[CT Birds] Cleaning Binoculars
Mntncougar at aol.com
Mntncougar at aol.com
Sun Apr 18 16:21:36 EDT 2010
I will second the idea of carrying a lens pen in the field. I have 1 in
my pocket at all times when I am birding. The brush does a good job of
removing particles from the lens, and the buffing pad (combined with a little
moisture from your breath) will take off most oily fingerprints and small
spots from tears or etc. Generally, I use a microfiber cloth (and breath) to
remove as much as possible before I use the buffing pad. I have used the
"licking" method a few times to clean major messes (mayo and mustard from
my sandwich, etc.) from the lens, but I would avoid that whenever possible.
Saliva is a fairly good solvent, but it also contains the remains of
everything you have eaten in the last few hours, which could put down a pretty
good film on the lens. I use a little cloth pouch like Spudz, which is
attached to the strap of my binoculars, to carry a microfibre cloth, and I have
one at all times on every pair of bins I take to the field. Periodically
I take the pouch off of the bins and turn it inside out so the cloth is
completely exposed. I don't use a detergent, but I rinse the cloth thoroughly
with very hot water to remove any residue from whatever I have cleaned off
the lenses. I have not used or seen ROR, and Amazon does not carry it
yet, but I do carry a bottle of lens cleaning spray such as you can get at an
optical store. I have a spray bottle of Zeiss cleaner that I got from CMBO
in Cape May. I apply it to the microfibre cloth first, then clean the
lens. I am amazed how much debris can accumulate on the lenses of my bins in
just one day of birding.
From: mardi1 at optonline.net
To: ctbirds at lists.ctbirding.org
Sent: 4/18/2010 1:22:00 P.M. Eastern Daylight Time
Subj: [CT Birds] Cleaning Binoculars
James et al,
I agree with some of what Jerry and Frank have suggested but would go
another step to to add to the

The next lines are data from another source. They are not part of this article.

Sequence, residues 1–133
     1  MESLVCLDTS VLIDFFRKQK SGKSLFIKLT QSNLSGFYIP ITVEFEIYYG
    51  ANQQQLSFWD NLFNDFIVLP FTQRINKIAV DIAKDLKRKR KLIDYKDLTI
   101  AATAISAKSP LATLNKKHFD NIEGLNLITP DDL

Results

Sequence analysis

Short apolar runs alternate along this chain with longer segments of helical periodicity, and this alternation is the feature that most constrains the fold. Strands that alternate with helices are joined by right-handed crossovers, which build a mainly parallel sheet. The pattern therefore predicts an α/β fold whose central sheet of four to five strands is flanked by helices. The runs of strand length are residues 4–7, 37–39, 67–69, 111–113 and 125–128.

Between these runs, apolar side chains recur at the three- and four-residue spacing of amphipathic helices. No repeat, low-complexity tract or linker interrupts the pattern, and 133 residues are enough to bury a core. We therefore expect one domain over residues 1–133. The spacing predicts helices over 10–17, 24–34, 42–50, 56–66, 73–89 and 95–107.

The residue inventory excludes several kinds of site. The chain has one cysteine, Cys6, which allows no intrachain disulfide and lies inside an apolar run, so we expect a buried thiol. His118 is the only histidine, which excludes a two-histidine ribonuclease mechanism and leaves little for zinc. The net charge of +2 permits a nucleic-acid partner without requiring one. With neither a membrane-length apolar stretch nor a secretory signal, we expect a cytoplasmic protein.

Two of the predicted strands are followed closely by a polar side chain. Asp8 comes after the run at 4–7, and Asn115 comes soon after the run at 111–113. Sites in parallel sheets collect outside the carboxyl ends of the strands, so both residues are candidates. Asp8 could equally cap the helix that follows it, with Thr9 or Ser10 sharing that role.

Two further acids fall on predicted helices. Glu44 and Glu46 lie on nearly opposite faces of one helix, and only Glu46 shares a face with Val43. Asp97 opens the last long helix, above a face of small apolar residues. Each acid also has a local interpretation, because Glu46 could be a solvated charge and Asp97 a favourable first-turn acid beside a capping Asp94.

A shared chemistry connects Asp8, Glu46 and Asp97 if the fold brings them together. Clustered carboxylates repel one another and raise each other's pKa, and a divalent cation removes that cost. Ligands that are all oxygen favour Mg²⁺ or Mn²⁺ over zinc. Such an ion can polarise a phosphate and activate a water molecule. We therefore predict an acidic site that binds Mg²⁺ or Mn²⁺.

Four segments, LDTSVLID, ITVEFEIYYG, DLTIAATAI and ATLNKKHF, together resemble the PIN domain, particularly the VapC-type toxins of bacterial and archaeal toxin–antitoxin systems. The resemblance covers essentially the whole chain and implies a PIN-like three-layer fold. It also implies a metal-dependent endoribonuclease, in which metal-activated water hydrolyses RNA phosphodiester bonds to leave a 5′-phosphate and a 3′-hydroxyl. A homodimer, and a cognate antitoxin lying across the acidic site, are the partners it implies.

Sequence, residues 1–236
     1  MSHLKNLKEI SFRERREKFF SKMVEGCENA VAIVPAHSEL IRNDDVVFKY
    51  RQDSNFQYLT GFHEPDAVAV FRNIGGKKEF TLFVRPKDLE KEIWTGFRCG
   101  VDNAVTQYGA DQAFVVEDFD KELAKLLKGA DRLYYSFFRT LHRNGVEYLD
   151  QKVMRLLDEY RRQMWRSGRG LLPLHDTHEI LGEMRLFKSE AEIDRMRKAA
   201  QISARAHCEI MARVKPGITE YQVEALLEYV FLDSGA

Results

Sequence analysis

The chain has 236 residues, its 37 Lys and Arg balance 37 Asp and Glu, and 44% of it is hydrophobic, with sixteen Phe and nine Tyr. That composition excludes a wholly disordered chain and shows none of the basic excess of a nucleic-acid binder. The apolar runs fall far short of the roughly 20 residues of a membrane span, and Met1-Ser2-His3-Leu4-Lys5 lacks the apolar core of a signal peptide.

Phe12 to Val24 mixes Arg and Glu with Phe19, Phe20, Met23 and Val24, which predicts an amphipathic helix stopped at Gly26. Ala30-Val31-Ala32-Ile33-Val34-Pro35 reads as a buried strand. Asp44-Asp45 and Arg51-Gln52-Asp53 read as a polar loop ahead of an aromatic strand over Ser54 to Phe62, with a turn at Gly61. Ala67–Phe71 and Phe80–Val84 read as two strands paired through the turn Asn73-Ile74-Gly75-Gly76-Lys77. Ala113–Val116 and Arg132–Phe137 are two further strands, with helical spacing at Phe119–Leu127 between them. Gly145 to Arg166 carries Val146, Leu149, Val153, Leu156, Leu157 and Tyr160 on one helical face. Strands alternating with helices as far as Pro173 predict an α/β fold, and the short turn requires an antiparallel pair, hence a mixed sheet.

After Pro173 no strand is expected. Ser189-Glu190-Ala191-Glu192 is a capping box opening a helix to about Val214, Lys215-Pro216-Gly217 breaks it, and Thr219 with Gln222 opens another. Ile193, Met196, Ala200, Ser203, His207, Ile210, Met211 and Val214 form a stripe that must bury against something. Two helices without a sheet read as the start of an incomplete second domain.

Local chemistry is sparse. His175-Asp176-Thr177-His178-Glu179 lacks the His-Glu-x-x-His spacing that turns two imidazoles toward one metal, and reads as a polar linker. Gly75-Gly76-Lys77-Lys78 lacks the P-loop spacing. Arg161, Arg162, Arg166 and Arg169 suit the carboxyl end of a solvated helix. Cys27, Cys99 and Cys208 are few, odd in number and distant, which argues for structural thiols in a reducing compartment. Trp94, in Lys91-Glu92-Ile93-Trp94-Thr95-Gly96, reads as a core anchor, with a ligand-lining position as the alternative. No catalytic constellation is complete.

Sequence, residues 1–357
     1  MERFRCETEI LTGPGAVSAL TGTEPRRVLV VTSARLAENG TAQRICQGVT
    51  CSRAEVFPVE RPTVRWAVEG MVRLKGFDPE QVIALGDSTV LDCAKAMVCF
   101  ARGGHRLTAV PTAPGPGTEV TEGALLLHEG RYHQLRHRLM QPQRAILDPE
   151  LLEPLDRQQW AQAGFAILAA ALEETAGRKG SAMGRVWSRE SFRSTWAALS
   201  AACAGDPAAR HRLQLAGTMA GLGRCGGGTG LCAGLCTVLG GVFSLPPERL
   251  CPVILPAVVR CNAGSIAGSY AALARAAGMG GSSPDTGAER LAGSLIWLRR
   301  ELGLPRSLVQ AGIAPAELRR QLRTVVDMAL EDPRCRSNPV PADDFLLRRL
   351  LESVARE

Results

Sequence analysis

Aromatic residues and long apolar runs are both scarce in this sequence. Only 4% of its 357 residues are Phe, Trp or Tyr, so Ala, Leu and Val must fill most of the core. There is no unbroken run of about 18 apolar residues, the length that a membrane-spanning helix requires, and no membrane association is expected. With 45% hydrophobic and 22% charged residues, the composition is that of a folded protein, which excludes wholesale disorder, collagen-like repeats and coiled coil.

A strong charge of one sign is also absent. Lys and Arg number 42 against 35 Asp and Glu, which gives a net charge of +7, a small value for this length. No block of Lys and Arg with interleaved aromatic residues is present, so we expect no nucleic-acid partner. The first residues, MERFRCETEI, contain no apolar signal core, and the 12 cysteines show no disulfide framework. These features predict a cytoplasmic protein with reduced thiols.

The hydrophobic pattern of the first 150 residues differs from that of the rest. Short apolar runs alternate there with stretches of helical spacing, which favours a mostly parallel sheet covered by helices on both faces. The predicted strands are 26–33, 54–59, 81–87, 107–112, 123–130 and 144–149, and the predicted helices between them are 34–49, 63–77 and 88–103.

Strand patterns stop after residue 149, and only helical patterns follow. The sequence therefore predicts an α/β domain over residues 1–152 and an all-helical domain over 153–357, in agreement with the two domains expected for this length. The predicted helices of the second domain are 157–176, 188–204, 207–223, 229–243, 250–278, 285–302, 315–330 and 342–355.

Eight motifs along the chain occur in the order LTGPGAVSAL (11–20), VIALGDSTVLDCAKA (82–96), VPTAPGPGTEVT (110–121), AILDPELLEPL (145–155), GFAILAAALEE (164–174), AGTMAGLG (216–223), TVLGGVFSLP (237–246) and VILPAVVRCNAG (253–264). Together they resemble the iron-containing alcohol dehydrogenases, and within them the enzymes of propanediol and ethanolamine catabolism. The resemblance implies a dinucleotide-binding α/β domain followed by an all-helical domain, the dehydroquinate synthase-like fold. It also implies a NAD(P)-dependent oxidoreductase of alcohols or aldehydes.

thread of conversation.
Coming out of the field I always take the time to clean my equipment.
its always best and highly suggested to keep your optics (no matter
what they are) as
as clean and in good shape as you possible. They will last & hold up a
First, I look over my equipment entirely. Then use my trusty Hakuba
LensPen KA-LP1-Lens cleaning tool.
I carry one with me, have one in the car and at home. This small,
convenient-to-carry LensPen has a retractable
soft brush to whisk away dust particles on one end, a cleaning tip on
the other that can remove smudges from
optical lenses. The cleaning tip replenishes by twisting it into the
cap. Together these tools are effective and
easy to use for cleaning camera lenses, binoculars, scopes and other
optical equipment, even getting to hard
to reach edges with the cleaning tip. This LensPen is
approximatelyfive inches long. Do not use the LensPen
on wet surfaces. I would use this type of pen instead of Q-tips as
they leave other particles on the lens.
It costs around $8-10.00 Dollars
I always have at least 2 clean Microfiber Cloths with me in the field,
including for cleaning at home. I think there are the best type of
cloth to use for optics. Other materials just won't be as effective
and again they will leave particles on your lens $4-15 Dollars. Comes
in many sizes. I also agree with Jerry, It is very important to
regularly clean the cloth
otherwise you'll just be smudging the lens big time. Thats a no no!
ROR Lens Cleaner (Residual Oil Remover) is as Jerry said by far the
best to use. $8-10.00 Dollars
All these items can be bought in CT and other locations
Camera Wholesalers Inc. 877-322-6372. or 203.357-0467.
Milford Photo: 800-221-8086. or 203-882-3415.
Hunt Photos: 800-221-1830. www.huntsphotoandvideo.com
This list is provided by the Connecticut Ornithological Association (COA)
for the discussion of birds and birding in Connecticut.
For subscription information visit
More information about the CTBirds